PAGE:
Making an estate plan in steps can simplify the process

The task of creating a comprehensive estate plan can be overwhelming and confusing for some. Breaking up the creation of an estate plan into steps is recommended as a way to tackle the process and ensure it is done correctly. Similarly, it is important for Michigan families to weed out steps that may not apply to them and focus on those steps that do.

A will is perhaps the most basic and essential document that should be a part of an estate plan. However, another document that all individuals should consider is a living trust. A living trust can be a way to distribute assets to heirs directly without the heirs having to face the public probate process.

Location of chimney touches of potential real estate litigation

In urban areas where buildings are in close proximity, shared space or attached elements of a building may be a source of contention or even possibly a legal dispute between building owners. For one pair of building owners in another state, the location, condition and purpose of a newly discovered chimney has caused some strife. Shared urban spaces in Michigan could also be a source of possible contention between building owners, and that contention could even lead to real estate litigation between property owners.

The strife began as a chimney was discovered under stucco, attached to a 71-unit co-op in the city. Upon further investigation, the chimney was attached to one building but also attached to a boiler for the adjacent building. Neither building owner was aware of the purpose or existence of the chimney. The discovery of the chimney led to the discovery of much needed repairs to the structure, repairs that were required by the building codes in the city.

Will challenge unfolds after politician's mom passes

While the importance of drafting a will can't be overstated, there are incidents where the presence of a will does nothing to stop family disputes from unfolding after a death. This can be true especially between children after the death of a parent in Michigan. A recent will challenge is making news as the former mayor of the nation's capital is caught up in a family dispute after the death of his mother.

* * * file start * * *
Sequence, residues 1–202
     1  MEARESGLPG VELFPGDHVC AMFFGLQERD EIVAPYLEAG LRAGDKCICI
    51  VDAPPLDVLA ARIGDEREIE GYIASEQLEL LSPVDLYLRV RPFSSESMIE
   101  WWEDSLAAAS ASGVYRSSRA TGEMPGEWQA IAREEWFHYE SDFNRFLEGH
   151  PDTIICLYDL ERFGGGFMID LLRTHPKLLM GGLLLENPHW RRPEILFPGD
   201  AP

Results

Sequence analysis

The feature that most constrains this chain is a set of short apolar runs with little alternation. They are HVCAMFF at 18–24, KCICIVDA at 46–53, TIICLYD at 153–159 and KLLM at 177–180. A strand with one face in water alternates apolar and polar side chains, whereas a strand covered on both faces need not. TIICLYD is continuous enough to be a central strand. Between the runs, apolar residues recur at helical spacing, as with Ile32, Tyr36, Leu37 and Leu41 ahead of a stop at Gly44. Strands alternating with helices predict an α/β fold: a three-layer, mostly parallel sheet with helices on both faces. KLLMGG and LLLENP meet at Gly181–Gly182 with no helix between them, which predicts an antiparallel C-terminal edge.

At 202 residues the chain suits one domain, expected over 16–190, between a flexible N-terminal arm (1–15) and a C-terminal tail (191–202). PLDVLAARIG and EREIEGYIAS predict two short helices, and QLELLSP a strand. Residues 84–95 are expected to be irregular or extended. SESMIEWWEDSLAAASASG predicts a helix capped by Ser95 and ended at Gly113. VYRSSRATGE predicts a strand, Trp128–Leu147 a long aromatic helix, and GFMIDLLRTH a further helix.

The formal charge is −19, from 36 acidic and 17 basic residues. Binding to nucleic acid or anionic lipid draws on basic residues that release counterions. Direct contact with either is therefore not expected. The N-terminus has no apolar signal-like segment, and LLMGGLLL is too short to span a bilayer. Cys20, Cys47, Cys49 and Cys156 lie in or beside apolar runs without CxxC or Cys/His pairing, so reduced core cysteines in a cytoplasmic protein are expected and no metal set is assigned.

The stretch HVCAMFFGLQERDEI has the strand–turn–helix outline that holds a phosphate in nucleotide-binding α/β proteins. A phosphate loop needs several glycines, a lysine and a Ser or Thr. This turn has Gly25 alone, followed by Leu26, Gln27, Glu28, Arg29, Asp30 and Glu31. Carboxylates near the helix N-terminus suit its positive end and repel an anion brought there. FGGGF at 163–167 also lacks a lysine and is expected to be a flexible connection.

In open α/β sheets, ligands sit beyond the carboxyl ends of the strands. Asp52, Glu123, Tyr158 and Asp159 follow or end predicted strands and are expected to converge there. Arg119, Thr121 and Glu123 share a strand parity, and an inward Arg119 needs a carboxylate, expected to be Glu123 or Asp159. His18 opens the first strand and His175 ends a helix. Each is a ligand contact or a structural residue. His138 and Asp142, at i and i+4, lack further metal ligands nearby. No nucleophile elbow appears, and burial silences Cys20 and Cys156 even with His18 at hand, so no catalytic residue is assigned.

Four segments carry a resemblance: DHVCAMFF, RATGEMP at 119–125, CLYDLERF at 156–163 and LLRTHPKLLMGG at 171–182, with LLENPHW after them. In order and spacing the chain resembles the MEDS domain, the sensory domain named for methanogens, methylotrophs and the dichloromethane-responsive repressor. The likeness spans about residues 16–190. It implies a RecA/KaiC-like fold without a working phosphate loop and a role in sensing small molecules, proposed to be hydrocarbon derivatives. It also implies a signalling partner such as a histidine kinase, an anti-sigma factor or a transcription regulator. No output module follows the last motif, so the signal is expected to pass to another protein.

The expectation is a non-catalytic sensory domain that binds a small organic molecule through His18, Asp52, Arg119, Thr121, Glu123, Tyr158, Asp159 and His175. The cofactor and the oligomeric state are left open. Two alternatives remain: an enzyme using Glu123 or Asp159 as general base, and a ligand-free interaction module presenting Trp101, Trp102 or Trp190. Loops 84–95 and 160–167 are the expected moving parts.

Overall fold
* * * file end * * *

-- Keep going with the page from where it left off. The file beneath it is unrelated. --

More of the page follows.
The mother died at the age of 87. She had a will drafted 10 years before her passing. She had eight children who are now fighting in court over details of the will.

Single Michigan residents should consider estate plan needs

Some people may wrongfully assume the estate planning process is for families with children or couples with valuable assets to divvy up or protect for the other party's future. Everyone, particularly single Michigan residents, needs to ensure that a proper and well-thought-out estate plan is in place as soon as possible. Single people may be at a greater risk of seeing assets distributed in a manner in which they would not approve.

According to law, when one spouse dies, most property and assets typically get passed on to the other spouse. This occurs even when there is no will or formal estate plan. When a single person without children dies without any plan in place, assets may be given to the next closest relative. This may be parents or siblings. Without a will, the single person simply has no say in how this process unfolds.

Dramatic rent increase results in landlord/tenant dispute

Rental amounts can naturally be a point of contention for landlords and tenants. When an agreement is reached and a lease signed, there are rarely disagreements that lead to legal intervention. However, when one party feels the other has acted unfairly, a landlord/tenant dispute can erupt and lead to the necessity of legal intervention. Michigan renters and landlords may want to follow the story of a woman who posted the details of a rent dispute on a social network, drawing both sympathy and scorn.

The woman had rented a two-bedroom apartment for roughly 10 years. She was in a rent-controlled place and paid $2,145 a month for rent. Unexpectedly, the woman received notice of a staggering and, in her opinion, unfair rent increase. The notice listed the new rent for the same apartment as $8,900 a month with mention of an increase in the security deposit listed as $12,500. While the notice said that the high security deposit was monthly, it is believed that may have been an error in the notice.